Before you read any further, this article is not about the 158-grain lead semi-wadcutter (LSWC) hollow-point +P .38 Special load, but rather about the plain lead semi-wadcutter .38 Special loaded to standard pressure for target shooting by Remington. And yes, we are talking about it as a specialized self-defense round.

The reason for talking about this particular load is that there undoubtedly are a lot of people who use older .38 Special revolvers for self-defense. I define “older” .38s as guns manufactured before the mid-1960s. My guess would be that these guns are employed primarily for home defense rather than concealed carry. They likely have been passed down from other family members to the current owners, who keep them for sentimental reasons mostly as just-in-case guns — perhaps without firing them. Other owners of vintage revolvers may have purchased them from friends or gun stores due to their affordability and simplicity of operation.

The problem is that these older guns are not approved for modern +P self-defense ammunition. However, I am also concerned that some non +P self-defense loads, while technically permissible in older guns, might still be a little rough for some of these pieces, especially if they propel lightweight slugs out of a 2-inch-barrel revolver at 1,000 feet per second or faster. After all, metallurgy of the ’40s, ’50s and ’60s is not what it is today.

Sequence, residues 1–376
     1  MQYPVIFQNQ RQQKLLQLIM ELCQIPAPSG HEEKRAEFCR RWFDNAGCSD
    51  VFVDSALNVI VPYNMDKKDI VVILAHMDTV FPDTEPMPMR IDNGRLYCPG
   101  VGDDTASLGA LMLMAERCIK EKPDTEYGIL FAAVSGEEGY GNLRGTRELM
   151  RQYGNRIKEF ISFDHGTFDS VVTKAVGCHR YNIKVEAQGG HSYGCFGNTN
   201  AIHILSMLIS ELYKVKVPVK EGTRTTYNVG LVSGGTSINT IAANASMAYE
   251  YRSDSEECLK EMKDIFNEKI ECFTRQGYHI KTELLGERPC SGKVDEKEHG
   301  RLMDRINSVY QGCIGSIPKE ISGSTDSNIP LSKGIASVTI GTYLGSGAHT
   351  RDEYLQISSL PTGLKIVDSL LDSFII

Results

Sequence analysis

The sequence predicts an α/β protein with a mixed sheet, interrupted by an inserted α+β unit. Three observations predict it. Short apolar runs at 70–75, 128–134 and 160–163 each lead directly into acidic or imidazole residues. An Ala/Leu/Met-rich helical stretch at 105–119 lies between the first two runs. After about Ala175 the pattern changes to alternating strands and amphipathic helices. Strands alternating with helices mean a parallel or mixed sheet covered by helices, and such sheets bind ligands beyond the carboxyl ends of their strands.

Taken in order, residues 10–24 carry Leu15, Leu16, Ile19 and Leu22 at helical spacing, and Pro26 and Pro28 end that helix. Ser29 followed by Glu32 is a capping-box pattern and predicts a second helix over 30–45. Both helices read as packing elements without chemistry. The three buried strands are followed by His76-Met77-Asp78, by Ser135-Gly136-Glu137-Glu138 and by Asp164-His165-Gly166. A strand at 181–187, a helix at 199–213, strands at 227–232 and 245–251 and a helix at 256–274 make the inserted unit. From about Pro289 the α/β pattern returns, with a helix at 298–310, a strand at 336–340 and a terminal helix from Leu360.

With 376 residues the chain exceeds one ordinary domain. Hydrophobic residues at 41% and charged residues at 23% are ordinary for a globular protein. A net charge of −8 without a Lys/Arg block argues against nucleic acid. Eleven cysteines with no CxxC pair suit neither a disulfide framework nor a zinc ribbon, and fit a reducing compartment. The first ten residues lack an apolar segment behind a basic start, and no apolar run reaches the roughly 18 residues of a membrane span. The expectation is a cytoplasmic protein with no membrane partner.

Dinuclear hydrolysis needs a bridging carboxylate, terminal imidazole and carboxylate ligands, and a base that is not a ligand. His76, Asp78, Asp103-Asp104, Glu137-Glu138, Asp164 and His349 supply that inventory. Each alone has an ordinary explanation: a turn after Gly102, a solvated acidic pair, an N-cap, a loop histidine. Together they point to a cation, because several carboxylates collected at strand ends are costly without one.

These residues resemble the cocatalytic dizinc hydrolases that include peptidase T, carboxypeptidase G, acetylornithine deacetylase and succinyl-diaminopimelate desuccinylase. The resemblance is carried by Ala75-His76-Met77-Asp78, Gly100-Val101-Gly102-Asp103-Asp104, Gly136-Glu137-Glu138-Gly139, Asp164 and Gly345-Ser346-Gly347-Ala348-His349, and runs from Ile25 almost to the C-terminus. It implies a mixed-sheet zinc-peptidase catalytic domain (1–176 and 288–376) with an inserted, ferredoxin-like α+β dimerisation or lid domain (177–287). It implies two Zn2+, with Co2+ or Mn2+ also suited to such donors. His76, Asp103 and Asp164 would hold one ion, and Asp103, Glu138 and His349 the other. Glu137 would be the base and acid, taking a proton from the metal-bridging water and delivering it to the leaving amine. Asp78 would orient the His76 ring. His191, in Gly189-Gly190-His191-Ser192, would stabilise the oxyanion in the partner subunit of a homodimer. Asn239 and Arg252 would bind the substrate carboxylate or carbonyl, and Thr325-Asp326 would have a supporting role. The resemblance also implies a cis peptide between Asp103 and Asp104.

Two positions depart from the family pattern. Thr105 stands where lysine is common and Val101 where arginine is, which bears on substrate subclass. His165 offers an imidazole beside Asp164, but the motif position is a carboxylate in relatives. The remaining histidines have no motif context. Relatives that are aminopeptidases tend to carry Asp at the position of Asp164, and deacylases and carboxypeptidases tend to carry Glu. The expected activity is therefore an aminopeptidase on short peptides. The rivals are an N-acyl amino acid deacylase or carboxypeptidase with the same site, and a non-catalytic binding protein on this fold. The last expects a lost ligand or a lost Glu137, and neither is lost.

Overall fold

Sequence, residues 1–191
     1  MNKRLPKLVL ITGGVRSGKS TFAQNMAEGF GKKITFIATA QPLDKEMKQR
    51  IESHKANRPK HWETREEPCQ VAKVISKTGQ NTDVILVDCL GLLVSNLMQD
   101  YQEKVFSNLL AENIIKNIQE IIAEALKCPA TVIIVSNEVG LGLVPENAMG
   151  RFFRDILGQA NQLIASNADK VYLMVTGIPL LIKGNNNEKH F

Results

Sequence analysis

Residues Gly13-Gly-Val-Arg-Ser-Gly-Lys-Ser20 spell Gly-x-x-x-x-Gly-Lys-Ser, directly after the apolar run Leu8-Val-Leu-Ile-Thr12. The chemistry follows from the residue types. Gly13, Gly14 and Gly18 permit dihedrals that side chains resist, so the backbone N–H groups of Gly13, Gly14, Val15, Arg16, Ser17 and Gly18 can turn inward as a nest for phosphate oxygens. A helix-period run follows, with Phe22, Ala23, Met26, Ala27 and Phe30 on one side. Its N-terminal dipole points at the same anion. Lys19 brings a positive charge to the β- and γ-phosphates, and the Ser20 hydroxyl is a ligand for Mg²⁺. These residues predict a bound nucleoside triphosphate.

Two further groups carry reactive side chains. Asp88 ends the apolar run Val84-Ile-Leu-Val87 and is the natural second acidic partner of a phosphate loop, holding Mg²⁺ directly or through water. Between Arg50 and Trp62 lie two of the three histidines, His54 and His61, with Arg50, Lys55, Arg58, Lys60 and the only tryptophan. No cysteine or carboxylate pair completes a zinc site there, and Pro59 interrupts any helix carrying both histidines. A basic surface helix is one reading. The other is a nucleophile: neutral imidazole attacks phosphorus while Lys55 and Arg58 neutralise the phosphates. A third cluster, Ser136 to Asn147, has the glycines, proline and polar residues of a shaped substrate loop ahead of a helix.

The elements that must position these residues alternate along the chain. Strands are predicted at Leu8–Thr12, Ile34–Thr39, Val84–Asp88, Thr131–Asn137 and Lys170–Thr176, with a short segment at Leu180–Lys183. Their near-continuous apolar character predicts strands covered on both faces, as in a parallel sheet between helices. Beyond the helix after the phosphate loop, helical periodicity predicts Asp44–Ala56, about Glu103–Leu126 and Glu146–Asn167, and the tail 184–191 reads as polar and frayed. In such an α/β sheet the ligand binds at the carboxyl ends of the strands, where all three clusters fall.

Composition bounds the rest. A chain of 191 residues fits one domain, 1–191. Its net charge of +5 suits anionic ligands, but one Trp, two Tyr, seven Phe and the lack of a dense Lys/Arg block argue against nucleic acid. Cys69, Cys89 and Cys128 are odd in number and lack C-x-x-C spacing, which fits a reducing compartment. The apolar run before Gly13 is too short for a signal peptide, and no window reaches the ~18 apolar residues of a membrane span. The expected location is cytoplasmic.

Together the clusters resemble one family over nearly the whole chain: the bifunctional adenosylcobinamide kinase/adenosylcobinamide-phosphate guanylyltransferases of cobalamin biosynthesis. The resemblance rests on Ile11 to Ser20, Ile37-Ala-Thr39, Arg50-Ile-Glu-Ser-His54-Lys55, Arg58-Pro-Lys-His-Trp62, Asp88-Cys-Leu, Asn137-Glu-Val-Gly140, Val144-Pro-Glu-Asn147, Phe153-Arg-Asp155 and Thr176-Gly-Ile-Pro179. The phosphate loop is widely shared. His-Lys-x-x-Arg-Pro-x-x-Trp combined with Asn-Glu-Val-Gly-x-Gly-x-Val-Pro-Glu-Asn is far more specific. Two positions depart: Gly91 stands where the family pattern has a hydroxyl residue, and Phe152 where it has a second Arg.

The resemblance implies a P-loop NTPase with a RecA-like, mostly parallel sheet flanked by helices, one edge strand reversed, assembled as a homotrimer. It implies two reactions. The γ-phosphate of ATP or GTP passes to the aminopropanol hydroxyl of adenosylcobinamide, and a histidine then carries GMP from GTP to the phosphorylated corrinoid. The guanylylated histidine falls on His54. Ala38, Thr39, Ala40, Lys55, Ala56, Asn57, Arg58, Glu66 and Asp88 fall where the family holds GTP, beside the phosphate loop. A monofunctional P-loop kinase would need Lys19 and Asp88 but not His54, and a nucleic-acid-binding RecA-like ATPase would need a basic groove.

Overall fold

Most traditional .38 Special revolvers were built around the old standard 158-grain, round-nose lead bullet that traveled around 755 feet per second from a 4-inch barrel. The sights for these guns were regulated to that load, which was used for decades as the standard official duty load in police service revolvers. The regulation of the sights to the relatively sedate 158-grain load is why many high-velocity loads fired from .38s shoot below the point of aim. The 158-grain LRN .38 had low recoil and was very accurate. More often than not, it put an end to hostilities when bad guys were shot with it. However, there were problems.

The 158-grain LRN had a propensity to either over-penetrate in soft tissue or under-penetrate when it encountered harder resistance. A buddy of mine, who retired from law enforcement several years ago, worked at a rural sheriff’s office in Ohio. He had occasion to shoot an armed suspect who had a firearm when the suspect poked his head above the fence. My buddy fired one shot at the only target available, and the suspect immediately went down. When they got to him, he was conscious and alert. A small amount of blood trickled from his mouth, but no wound could be found. They took the suspect to the hospital for examination. An X-ray revealed that the 158-grain slug had entered the suspects open mouth and followed the suspect’s throat downward. It was found lodged in his stomach and was removed without major issue.

The late Elmer Keith, a rancher, hunter and gun writer, contributed to the development and introduction of the .357, .41 and .44 Magnum cartridges. He also is responsible for refining the semi-wadcutter lead bullet, which is often referred to as the “Keith semi-wadcutter.”

The semi-wadcutter bullet features a large flat frontal surface ahead of a sharp shoulder. It is a very effective hunting bullet and cuts a very clean hole in paper targets as well. For many years, it was the primary bullet loaded into the aforementioned magnum cartridges.